Bidding for the 1968 Olympic Games

Bidding for the 1968 Olympic Games

International Sport's Cold War Battle with NATO

Culture and Politics in the Cold War and Beyond

by Heather L. Dichter

Published by: University of Massachusetts Press

288 Pages, 6.00 x 9.00 x 0.00 in, 9 b&w illus., 1 map, 1 table

  • Paperback
  • 9781625345950
  • Published: October 2021

$29.95

BUY
  • Hardcover
  • 9781625345943
  • Published: October 2021

$90.00

BUY

Other Retailers:

During the Cold War, political tensions associated with the division of Germany came to influence the world of competitive sport. In the 1950s, West Germany and its NATO allies refused to recognize the communist East German state and barred its national teams from sporting competitions. The construction of the Berlin Wall in 1961 further exacerbated these pressures, with East German teams denied travel to several world championships. These tensions would only intensify in the run-up to the 1968 Olympics.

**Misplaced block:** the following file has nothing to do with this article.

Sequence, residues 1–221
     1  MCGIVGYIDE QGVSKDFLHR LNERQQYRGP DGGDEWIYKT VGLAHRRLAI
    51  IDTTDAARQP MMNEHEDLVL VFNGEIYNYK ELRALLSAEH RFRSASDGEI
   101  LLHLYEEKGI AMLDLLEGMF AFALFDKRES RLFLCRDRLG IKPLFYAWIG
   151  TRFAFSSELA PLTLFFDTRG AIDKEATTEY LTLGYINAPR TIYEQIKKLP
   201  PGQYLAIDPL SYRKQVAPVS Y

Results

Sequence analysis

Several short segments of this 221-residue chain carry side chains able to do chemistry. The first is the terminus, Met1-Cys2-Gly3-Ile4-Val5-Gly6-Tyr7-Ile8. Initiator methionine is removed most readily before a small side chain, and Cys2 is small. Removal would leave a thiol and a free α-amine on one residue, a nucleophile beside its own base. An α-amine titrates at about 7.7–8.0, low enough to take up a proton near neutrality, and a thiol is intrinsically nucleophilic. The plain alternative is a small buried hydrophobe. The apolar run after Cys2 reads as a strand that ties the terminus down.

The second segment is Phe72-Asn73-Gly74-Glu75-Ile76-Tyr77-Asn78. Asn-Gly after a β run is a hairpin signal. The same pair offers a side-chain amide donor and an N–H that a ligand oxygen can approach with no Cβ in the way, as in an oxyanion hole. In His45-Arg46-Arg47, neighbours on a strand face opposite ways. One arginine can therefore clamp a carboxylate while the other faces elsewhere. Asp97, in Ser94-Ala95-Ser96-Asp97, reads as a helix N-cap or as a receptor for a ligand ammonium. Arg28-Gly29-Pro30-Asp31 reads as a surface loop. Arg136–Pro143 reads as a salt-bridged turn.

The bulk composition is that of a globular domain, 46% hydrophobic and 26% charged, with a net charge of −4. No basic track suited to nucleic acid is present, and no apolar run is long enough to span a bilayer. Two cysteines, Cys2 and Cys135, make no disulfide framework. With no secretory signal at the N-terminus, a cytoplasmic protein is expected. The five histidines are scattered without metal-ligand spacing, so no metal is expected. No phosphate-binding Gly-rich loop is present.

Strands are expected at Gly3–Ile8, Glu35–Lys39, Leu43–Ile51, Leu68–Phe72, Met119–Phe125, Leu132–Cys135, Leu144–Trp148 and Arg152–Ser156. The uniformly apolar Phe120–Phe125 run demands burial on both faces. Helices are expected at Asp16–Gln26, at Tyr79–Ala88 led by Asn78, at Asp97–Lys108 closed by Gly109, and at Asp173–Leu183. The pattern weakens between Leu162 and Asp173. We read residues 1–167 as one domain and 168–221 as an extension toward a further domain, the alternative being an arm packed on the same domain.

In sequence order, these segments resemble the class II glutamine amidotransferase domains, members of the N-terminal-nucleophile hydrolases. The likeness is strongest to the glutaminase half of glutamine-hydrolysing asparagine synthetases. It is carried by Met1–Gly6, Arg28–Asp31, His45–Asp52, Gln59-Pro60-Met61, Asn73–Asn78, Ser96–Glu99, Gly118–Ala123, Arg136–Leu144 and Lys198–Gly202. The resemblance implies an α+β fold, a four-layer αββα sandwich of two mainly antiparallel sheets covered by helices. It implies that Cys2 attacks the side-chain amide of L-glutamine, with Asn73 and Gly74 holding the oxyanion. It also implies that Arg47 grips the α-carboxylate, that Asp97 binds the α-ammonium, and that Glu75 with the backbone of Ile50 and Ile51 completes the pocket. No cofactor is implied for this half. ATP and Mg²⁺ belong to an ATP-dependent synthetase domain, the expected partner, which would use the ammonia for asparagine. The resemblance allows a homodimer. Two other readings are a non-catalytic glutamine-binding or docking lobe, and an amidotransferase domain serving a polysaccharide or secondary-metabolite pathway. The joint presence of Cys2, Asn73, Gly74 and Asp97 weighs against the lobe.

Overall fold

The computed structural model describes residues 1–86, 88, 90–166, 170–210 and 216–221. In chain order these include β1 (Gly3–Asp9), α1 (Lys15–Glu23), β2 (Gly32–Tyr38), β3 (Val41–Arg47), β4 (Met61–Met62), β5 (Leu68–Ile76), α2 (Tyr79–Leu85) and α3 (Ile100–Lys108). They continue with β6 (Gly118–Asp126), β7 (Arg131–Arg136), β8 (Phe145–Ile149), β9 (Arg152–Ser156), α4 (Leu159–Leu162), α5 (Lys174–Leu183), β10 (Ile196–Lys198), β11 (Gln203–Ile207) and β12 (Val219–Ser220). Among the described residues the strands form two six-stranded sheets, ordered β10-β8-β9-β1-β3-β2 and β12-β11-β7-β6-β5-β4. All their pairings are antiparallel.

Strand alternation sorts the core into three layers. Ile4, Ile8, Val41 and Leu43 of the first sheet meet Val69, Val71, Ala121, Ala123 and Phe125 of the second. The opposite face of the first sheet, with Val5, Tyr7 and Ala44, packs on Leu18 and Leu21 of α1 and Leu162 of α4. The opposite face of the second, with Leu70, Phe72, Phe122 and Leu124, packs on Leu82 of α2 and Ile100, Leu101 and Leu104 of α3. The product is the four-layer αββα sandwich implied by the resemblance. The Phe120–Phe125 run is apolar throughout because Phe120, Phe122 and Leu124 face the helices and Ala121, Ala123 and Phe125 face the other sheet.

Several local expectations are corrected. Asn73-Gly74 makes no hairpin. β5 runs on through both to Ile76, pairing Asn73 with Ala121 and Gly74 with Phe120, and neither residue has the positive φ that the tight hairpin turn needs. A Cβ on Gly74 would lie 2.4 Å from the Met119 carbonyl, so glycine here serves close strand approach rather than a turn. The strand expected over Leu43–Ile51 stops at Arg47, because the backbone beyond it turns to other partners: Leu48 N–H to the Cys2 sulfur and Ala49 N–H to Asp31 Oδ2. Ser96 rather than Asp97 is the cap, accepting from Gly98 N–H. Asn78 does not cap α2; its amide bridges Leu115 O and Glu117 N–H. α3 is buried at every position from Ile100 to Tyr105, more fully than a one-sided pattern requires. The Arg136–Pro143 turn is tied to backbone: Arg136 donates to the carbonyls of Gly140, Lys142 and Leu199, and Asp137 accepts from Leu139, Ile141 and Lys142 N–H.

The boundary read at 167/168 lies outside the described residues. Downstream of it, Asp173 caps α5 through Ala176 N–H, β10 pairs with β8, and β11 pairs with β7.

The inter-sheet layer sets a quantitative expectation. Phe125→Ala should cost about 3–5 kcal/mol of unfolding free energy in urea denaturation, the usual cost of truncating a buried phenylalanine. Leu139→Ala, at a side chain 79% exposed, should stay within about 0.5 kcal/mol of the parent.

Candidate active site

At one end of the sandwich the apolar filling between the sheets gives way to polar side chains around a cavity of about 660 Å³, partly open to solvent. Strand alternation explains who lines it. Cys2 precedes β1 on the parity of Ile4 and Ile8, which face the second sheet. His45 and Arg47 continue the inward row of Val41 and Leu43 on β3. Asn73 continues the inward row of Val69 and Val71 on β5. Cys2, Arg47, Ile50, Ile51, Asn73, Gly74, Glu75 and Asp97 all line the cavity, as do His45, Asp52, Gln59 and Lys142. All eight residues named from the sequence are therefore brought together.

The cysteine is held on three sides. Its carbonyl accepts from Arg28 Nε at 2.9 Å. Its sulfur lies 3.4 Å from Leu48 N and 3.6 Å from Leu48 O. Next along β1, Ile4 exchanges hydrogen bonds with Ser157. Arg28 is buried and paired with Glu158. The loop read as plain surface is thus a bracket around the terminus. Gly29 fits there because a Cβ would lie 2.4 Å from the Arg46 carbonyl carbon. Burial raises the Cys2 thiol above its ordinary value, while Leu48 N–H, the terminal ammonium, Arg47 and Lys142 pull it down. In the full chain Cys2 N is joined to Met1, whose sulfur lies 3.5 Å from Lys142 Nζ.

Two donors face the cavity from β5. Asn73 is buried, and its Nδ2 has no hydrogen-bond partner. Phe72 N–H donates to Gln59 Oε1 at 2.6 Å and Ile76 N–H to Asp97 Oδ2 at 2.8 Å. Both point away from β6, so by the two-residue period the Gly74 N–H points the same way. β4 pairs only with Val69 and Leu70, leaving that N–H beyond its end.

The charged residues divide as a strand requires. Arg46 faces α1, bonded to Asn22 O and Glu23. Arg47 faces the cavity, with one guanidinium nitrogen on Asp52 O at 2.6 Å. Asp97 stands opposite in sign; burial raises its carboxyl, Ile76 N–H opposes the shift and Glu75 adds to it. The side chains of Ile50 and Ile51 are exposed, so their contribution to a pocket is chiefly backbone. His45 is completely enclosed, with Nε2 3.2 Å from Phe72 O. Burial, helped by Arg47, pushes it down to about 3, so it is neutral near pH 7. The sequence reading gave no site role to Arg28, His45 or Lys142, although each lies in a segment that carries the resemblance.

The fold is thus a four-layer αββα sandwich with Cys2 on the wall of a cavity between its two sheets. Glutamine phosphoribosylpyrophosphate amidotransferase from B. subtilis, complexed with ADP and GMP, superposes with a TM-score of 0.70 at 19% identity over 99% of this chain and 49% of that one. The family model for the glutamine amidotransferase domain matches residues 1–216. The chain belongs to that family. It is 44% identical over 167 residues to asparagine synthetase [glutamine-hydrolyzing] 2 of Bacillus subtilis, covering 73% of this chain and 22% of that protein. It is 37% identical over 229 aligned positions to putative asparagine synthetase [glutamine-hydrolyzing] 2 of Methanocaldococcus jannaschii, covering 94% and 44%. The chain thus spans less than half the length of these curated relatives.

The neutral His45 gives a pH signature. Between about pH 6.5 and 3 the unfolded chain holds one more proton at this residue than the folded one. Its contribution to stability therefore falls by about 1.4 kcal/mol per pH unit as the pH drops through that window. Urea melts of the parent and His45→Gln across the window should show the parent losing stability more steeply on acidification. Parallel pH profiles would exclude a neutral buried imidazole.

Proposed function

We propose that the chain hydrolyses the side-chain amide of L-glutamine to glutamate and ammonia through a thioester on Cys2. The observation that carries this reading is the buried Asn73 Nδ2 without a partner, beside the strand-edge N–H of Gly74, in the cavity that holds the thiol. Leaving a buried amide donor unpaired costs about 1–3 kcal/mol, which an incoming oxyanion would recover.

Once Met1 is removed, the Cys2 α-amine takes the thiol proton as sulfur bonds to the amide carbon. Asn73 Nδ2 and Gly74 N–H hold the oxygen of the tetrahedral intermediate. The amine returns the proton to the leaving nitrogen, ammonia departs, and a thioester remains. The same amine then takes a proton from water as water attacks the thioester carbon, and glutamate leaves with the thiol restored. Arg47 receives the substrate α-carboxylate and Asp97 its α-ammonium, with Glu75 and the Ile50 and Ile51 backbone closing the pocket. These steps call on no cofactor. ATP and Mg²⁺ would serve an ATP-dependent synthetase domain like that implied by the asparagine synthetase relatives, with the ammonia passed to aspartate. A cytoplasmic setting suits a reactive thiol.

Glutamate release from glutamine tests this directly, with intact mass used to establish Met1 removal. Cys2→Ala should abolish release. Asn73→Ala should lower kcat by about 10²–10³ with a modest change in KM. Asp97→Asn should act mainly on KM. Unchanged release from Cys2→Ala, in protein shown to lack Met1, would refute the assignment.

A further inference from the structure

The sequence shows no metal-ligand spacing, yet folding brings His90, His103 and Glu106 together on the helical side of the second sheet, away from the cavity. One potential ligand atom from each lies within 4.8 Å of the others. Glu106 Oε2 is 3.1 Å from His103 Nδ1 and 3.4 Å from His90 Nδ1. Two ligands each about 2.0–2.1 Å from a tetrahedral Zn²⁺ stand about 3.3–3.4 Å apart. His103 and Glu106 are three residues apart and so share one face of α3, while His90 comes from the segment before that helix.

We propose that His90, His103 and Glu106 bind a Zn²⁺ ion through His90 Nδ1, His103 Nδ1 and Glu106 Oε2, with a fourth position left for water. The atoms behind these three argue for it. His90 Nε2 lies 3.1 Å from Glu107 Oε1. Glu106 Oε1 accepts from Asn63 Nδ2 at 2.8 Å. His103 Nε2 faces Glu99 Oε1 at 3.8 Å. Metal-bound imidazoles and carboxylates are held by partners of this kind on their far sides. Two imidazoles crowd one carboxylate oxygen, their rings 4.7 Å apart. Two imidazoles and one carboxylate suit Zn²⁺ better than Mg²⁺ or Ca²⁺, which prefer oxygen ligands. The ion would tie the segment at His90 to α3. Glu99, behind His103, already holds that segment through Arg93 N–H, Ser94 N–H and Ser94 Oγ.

In Bidding for the 1968 Olympic Games, Heather L. Dichter considers how NATO and its member states used sport as a diplomatic arena during the height of the Cold War, and how international sport responded to political interference. Drawing on archival materials from NATO, foreign ministries, domestic and international sport functionaries, and newspapers, Dichter examines controversies surrounding the 1968 Summer and Winter Olympic Games, particularly the bidding process between countries to host the events. As she demonstrates, during the Cold War sport and politics became so intertwined that they had the power to fundamentally transform each other.